“I’ve done my best to live the right way
I get up every morning and go to work each day
But your eyes go blind and your blood runs cold
Sometimes I feel so weak I just want to explode
Explode and tear this whole town apart
Take a knife and cut this pain from my heart
Find somebody itching for something to start”
- B. Springsteen, Promised Land
For an advocacy film it’s curious there are no green energy options presented or discussed. Well, almost not discussed, as we see Dustin filling up at a gas station which is a little confusing as Steve later just throws it out there that Dustin’s truck runs on used cooking oil, even though we know that is a lie. He says this clearly as a pejorative even though it is in keeping with the fact that the film never broaches any serious discussion of domestic energy policy. Do you hear that Obama? Hollywood is cranking out a lot of films now (see This is 40) that patently do not want change.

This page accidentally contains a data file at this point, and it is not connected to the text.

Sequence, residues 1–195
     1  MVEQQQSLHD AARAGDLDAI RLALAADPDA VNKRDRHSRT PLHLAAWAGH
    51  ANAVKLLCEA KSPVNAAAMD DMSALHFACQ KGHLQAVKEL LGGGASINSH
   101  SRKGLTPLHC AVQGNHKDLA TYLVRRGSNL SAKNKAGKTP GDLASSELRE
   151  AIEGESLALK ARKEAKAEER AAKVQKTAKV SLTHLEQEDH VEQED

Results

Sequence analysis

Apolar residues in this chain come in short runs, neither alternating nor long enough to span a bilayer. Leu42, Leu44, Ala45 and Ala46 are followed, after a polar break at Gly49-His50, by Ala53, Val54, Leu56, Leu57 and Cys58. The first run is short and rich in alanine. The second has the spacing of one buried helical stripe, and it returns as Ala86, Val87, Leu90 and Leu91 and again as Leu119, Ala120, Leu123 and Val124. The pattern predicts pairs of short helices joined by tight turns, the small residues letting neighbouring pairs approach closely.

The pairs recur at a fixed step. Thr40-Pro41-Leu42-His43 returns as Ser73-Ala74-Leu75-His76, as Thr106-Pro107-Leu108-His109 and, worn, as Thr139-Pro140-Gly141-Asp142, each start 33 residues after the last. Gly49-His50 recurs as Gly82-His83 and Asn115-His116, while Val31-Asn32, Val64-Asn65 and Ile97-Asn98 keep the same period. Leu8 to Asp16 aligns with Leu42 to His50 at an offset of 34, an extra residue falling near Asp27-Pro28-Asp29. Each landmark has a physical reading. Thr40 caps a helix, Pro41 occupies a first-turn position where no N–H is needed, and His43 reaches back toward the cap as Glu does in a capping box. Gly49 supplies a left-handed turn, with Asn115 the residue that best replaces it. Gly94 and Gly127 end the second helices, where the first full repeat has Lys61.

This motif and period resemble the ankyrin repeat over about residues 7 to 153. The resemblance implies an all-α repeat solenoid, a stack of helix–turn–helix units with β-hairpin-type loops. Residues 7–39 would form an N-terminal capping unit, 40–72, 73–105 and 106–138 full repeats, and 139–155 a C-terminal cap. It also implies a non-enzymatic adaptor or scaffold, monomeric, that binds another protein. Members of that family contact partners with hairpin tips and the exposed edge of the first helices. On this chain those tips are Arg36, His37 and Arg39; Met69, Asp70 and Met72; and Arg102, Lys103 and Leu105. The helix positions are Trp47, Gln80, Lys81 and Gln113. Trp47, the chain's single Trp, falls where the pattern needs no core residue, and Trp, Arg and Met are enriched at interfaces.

This film is definitely in keeping with the current national navel-gazing of the country. It’s resolute in examining the symptoms (poor people need money, poor people have natural gas underneath themselves) without looking into any causes (economic, political, social, moral or spiritual). The biggest elephant in the room is the economic question. Why are these people so poor? Damon’s character laments how the Caterpillar plant closed in Davenport by his small town (shout out to Eldridge, Iowa!). The area was devastated when it closed.
Why? Does the film want to offer up a critique of neoliberalism here? Can we use a Hollywood film to interrogate the ramifications of NAFTA? Not in the slightest. The film wants to pretend that it cares about the small town folks who are hurting. Yes they do confuse the message when one of the townies punches Steve in the nose at the bar although he had a run-in with him earlier and he knew the score of what Steve is doing. The rest of the people in the town are as confused as most Americans – they are hurting, they don’t know who to blame but they need to eat which means they need money. They don’t want to examine the choices in their lives or the things they are sold on the TV, they need money.